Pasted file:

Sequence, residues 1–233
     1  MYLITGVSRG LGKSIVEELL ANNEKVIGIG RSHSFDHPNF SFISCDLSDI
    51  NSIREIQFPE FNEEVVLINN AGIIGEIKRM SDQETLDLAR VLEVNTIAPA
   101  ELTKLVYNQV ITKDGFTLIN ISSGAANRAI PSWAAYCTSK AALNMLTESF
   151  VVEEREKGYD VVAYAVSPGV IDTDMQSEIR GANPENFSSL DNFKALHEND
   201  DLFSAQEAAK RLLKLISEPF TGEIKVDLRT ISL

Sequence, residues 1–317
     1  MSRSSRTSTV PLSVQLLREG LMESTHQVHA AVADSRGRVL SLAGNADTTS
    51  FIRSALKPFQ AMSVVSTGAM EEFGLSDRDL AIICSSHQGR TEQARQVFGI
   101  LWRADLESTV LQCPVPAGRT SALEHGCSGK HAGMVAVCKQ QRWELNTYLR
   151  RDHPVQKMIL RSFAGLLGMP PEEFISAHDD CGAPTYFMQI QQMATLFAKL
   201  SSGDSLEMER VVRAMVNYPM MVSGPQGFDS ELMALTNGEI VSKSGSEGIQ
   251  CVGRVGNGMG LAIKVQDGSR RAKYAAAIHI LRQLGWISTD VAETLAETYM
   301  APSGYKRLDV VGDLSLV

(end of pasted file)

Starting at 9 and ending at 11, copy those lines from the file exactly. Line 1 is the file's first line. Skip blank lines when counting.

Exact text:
    51  FIRSALKPFQ AMSVVSTGAM EEFGLSDRDL AIICSSHQGR TEQARQVFGI
   101  LWRADLESTV LQCPVPAGRT SALEHGCSGK HAGMVAVCKQ QRWELNTYLR
   151  RDHPVQKMIL RSFAGLLGMP PEEFISAHDD CGAPTYFMQI QQMATLFAKL